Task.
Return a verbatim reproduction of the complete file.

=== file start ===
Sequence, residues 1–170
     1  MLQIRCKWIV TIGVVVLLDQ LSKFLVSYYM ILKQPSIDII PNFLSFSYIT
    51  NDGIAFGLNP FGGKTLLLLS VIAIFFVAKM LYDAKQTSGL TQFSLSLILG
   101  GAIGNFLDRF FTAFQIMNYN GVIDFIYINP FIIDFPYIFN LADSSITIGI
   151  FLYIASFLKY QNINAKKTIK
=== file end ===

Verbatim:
Sequence, residues 1–170
     1  MLQIRCKWIV TIGVVVLLDQ LSKFLVSYYM ILKQPSIDII PNFLSFSYIT
    51  NDGIAFGLNP FGGKTLLLLS VIAIFFVAKM LYDAKQTSGL TQFSLSLILG
   101  GAIGNFLDRF FTAFQIMNYN GVIDFIYINP FIIDFPYIFN LADSSITIGI
   151  FLYIASFLKY QNINAKKTIK